During the last few weeks, the issue in most Australians’ minds has again been the risk of nuclear testing on our back door-step. In papers, on radio and television, and in local gossip there has been discussion and argument of the situation. Some have said no to French products. Others have gone too far and sabotaged French or even French-sounding companies. All the while, France has maintained its front of indifference.
Greenpeace’s passive action on Moruroa Atoll, almost a re-enactment of the very similar situation in the early 1970’s, brought the topic into larger public awareness. Attacks on French pride have caused acts like the withdrawal of their Ambassador from Australia and a scurrulous, dishonest attack on Paul Keating in French newspapers last week. However, talk alone may be insufficient to make the French Government realise what an issue this is, not only to countries in the Pacific, but also all over the world. Boycotting French products gives a voice for protest to every Australian citizen, to show that they have enough guts to stand up against nuclear testing. We can take action against something that we believe to be wrong. It can be as simple as buying Australian made and owned products instead of French ones.
Other, more complex decisions require a bit of sacrifice. You may have to go without. If every concerned person in Australia stood up to be counted, the French would see that many are against their testing. To hit a government in political conflicts is nearly always disadvantageous to the common people. The politicians involved have always shored themselves up. To hit the government would be to hit the people. So why do it? Because, if we are going to stop nuclear testing, we are all going to have to suffer and sacrifice, some people more than others.
Our government is not as much on our side as we may believe. Some political leaders have chosen to keep up good public relations with France. To get the results we want, we will have to fight. The recent splitting and retitling of the S.E.C in Victoria, instigated by Mr. Kennett’s government, provided the possibility that a division could be purchased by French interests. Fortunately, the sale of the biggest portion, which seemed likely to be sold to them, went to other buyers. The four remaining portions are still open for sale to France.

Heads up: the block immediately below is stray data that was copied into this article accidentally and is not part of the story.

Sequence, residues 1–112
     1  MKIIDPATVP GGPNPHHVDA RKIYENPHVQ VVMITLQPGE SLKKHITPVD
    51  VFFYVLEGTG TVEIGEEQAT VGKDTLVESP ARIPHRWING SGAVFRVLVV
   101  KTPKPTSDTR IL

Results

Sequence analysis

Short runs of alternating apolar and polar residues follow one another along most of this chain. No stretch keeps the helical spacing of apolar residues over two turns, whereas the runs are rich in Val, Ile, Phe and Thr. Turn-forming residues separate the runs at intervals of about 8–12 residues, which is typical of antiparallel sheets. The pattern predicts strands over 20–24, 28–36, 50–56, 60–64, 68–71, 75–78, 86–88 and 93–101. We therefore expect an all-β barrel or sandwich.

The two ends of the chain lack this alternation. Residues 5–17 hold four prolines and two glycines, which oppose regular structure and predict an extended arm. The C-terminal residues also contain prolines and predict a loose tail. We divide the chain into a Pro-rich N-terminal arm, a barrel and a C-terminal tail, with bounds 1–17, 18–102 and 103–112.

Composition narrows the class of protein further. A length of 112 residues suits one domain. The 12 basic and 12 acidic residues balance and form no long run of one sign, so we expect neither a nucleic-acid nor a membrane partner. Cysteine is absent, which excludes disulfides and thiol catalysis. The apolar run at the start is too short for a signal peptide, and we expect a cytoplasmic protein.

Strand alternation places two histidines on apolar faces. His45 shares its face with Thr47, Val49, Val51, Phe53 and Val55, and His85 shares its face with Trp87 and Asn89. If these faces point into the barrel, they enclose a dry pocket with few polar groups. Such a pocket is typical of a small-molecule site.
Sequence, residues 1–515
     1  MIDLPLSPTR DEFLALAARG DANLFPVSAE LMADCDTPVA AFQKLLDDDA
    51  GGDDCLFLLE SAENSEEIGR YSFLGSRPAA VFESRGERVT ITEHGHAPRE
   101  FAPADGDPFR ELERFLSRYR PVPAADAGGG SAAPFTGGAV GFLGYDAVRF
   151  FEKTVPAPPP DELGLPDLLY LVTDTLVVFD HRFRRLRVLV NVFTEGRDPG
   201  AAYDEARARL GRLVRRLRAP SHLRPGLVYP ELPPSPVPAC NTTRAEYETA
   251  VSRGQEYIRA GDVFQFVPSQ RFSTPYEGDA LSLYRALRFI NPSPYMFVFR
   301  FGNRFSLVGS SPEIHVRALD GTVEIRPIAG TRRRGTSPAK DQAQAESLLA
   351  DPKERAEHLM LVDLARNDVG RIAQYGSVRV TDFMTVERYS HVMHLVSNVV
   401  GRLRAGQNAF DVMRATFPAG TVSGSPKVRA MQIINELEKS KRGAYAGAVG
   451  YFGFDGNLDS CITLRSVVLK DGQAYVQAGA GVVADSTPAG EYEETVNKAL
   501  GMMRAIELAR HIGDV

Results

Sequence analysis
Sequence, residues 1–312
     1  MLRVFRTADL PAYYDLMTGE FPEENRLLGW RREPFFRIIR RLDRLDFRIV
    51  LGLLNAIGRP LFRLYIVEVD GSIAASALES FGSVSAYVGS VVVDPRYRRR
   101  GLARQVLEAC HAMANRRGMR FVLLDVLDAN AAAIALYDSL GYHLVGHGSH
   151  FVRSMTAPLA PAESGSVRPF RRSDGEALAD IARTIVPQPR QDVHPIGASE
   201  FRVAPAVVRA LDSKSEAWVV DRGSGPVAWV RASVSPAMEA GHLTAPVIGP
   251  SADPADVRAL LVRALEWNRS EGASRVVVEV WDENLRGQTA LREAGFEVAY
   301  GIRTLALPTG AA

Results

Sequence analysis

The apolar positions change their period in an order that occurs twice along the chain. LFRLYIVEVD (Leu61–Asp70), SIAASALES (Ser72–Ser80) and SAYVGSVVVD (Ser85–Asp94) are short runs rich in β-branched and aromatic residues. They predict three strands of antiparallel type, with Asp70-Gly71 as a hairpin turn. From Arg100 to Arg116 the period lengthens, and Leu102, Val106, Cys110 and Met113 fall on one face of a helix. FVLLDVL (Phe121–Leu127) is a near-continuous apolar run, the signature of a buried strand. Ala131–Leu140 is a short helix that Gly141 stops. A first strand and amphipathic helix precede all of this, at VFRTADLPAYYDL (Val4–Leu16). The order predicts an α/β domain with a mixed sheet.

The company that will be in charge of the road toll on the Western Ring Road for the next thirty-four years is owned by the French. They aim to have paid off the cost in fourteen years, the following twenty being profit.
That Australia supplies the radioactive material uranium does not strengthen our case against France. Ranger Uranium Mine, in the middle of Kakadu National Park, sells uranium to France and other nuclear countries. However, if we stand up against this we are showing the Australian and French Governments that we oppose nuclear testing.
If we are going to take the French Government to task we are going to have to use the French public as a tool against them. The public is one of every government’s weak areas. Boycotting French products will affect President Jaques Chiracs’ decision to resume testing in September. What do we want, nuclear disaster, or clean seas?